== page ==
Des marginaux et des délestés : figures victimaires de la pandémie dans le débat québécois autour des personnes non-vaccinées contre la Covid-19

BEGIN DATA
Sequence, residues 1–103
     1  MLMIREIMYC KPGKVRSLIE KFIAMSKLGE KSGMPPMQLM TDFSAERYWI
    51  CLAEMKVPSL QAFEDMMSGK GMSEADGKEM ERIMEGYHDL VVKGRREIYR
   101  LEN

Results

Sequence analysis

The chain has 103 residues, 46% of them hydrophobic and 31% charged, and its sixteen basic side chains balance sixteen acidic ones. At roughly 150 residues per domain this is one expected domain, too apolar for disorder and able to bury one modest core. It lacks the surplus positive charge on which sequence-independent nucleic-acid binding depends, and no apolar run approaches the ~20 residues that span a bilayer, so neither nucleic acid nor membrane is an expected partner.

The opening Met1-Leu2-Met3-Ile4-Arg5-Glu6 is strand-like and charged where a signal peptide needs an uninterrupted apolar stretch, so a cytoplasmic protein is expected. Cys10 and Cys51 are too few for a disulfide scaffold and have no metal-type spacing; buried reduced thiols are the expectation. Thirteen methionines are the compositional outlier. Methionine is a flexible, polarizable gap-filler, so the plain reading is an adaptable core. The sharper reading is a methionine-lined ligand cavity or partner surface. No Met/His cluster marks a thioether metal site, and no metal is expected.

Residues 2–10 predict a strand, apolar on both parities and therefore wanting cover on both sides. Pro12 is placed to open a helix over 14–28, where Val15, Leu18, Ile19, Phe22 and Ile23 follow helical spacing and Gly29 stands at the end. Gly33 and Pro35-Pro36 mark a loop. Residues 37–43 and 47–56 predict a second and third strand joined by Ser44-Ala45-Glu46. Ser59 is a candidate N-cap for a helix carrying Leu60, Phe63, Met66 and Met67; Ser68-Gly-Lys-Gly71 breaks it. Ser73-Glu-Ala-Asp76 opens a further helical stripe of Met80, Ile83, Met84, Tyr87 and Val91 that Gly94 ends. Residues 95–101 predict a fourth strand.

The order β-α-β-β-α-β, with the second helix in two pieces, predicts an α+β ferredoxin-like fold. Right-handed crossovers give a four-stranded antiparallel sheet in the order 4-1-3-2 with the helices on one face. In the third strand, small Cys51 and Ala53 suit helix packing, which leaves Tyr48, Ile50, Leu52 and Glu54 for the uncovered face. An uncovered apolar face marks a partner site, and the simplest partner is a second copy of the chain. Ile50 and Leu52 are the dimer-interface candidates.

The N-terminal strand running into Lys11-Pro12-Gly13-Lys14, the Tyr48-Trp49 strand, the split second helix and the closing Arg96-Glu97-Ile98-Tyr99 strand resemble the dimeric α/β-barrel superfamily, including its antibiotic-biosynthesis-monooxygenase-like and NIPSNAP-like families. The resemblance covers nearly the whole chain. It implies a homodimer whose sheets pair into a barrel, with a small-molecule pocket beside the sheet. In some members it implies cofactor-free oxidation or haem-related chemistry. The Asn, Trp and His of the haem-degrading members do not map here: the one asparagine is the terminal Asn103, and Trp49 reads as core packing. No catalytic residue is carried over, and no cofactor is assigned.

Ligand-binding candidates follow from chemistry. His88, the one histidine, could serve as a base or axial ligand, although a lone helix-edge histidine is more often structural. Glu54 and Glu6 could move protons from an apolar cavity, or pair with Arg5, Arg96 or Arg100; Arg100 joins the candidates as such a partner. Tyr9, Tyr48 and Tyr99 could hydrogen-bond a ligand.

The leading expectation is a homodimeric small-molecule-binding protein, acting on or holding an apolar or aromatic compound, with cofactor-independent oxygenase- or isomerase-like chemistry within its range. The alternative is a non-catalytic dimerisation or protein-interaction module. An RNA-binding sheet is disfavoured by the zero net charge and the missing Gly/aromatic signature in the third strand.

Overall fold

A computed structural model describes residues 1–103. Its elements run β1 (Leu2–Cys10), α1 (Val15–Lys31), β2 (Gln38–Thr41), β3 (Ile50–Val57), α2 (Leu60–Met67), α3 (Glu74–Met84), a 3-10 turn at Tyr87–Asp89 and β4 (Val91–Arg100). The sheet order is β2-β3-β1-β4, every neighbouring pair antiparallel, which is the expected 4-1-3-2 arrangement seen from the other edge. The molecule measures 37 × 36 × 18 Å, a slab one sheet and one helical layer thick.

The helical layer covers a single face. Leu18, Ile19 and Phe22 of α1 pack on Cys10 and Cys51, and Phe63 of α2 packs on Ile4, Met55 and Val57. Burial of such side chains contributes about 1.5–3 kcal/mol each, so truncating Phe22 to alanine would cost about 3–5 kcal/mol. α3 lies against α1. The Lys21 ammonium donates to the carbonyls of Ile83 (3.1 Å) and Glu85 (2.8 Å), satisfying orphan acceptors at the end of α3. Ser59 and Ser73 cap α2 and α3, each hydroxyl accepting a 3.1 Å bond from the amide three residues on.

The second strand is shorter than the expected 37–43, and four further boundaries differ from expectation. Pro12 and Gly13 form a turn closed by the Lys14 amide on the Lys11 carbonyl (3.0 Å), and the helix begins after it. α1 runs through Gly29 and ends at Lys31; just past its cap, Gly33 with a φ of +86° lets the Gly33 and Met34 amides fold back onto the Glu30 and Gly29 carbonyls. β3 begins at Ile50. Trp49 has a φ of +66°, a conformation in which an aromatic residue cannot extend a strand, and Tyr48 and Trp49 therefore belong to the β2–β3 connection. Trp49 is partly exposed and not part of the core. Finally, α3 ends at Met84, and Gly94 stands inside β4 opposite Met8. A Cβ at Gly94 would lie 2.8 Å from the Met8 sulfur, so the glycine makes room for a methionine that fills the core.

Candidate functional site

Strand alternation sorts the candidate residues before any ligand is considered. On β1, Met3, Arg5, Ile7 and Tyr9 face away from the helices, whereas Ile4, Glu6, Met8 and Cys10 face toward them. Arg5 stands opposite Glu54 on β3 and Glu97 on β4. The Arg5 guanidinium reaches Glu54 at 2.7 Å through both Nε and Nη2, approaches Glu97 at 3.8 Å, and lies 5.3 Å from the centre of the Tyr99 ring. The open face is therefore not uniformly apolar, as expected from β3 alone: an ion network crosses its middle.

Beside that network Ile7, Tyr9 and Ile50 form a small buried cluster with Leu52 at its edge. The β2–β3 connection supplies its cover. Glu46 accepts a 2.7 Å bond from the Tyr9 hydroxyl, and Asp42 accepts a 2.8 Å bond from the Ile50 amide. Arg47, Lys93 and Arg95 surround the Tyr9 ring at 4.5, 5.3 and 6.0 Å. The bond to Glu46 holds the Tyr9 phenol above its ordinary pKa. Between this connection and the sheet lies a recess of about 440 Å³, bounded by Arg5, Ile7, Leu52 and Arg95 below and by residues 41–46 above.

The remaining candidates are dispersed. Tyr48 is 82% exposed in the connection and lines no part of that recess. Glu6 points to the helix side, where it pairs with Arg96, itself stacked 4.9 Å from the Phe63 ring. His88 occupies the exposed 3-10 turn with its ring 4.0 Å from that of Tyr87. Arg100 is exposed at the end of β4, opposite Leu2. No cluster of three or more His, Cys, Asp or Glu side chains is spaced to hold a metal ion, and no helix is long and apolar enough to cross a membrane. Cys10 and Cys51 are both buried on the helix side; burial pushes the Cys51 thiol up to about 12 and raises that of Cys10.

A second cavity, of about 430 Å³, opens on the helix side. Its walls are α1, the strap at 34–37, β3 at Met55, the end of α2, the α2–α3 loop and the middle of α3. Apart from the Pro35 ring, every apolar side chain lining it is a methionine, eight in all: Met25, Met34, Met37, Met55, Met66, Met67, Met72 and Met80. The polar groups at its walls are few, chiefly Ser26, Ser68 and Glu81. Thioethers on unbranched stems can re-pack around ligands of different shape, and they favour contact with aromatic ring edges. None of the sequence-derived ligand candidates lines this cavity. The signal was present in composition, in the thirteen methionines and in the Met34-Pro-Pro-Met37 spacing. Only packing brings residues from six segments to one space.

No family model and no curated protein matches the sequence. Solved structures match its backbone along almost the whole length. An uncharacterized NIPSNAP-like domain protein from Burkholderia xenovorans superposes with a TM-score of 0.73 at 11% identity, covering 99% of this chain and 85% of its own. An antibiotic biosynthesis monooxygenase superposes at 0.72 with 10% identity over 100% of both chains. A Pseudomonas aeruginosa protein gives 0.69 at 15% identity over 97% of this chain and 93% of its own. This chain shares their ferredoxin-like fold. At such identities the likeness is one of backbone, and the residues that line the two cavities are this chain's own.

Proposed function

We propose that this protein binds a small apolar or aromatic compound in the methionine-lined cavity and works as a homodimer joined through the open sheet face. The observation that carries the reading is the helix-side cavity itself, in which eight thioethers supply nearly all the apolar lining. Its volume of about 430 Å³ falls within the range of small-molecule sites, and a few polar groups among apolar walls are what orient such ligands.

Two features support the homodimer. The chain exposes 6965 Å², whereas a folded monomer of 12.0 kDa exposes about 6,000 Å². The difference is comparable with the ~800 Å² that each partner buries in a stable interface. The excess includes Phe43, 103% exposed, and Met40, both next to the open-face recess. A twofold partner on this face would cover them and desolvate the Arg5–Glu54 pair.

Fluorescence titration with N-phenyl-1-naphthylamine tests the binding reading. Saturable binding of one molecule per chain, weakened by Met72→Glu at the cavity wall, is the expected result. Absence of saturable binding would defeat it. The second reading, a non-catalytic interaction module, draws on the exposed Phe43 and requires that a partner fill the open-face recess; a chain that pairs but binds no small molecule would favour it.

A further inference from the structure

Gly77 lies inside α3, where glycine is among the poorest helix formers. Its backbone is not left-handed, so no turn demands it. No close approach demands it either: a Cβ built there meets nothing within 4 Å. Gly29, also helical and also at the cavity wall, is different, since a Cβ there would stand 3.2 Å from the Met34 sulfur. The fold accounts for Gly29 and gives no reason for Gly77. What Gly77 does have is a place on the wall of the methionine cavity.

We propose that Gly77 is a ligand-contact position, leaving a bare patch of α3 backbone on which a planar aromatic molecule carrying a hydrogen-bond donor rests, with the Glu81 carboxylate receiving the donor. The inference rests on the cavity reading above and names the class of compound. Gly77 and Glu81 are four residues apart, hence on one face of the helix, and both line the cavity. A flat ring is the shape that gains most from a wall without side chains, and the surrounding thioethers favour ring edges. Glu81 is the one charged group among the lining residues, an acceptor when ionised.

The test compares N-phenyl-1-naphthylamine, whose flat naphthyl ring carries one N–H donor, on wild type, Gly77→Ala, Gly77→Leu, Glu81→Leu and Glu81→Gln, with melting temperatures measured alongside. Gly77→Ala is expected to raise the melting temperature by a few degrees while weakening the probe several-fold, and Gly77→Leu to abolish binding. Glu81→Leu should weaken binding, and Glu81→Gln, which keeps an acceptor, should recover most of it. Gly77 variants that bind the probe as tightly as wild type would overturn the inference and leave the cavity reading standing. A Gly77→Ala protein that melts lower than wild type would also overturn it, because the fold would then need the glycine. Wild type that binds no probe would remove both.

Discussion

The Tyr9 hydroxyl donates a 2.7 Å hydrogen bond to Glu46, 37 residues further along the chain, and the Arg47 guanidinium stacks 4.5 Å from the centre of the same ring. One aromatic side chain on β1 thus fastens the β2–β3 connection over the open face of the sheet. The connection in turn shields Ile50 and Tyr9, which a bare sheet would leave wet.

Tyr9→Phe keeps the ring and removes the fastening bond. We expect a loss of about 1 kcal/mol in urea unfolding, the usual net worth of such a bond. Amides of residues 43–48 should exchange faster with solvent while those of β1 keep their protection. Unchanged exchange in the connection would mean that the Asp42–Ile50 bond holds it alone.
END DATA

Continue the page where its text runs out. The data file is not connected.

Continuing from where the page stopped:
On 11th, January 2022, the Legault government in Quebec anticipates a taxation on whose who have not been vaccinated against Sars-Cov-2. The news triggers a lively debate on the general appropriateness of sanctions against those who do not follow the national health recommendations. This article analyses 378 comments by the readers of the online newspaper Le Devoir. The relative controversy has to do with the foundations of democratic coexistence: questions are raised as to how to maintain the social contract at a time when the exercise of individual freedoms runs counter to the well-being of the community. But above all, it is the ties that hold the Quebec community together that are called into question. The debate on government measures expresses underlying tensions, including the relationship to minorities – in this case, the unvaccinated. Should their freedoms be limited to protect the majority? Or does any minority have a right to self-determination? This article addresses the recurrence of a specific figure, that of the “victim ” within the debate, embodied by both the unvaccinated, portrayed as a marginalized minority, and the cancer patient being prevented from receiving treatment due to the overburdening of the national health system. Both figures are at the core of two opposing discourses of victimisation, constructing the figure of the victim as a peculiar variation of the notion of minority that signals fundamental social changes. By studying the debate around unvaccinated people and the relationship between this minority category and a society that does not know how to manage a threatening otherness, I propose to investigate the peculiar dynamics of victimisation in the Quebec debate, and the impossibility to reach a decision when the argumentation is built around this specific strategy.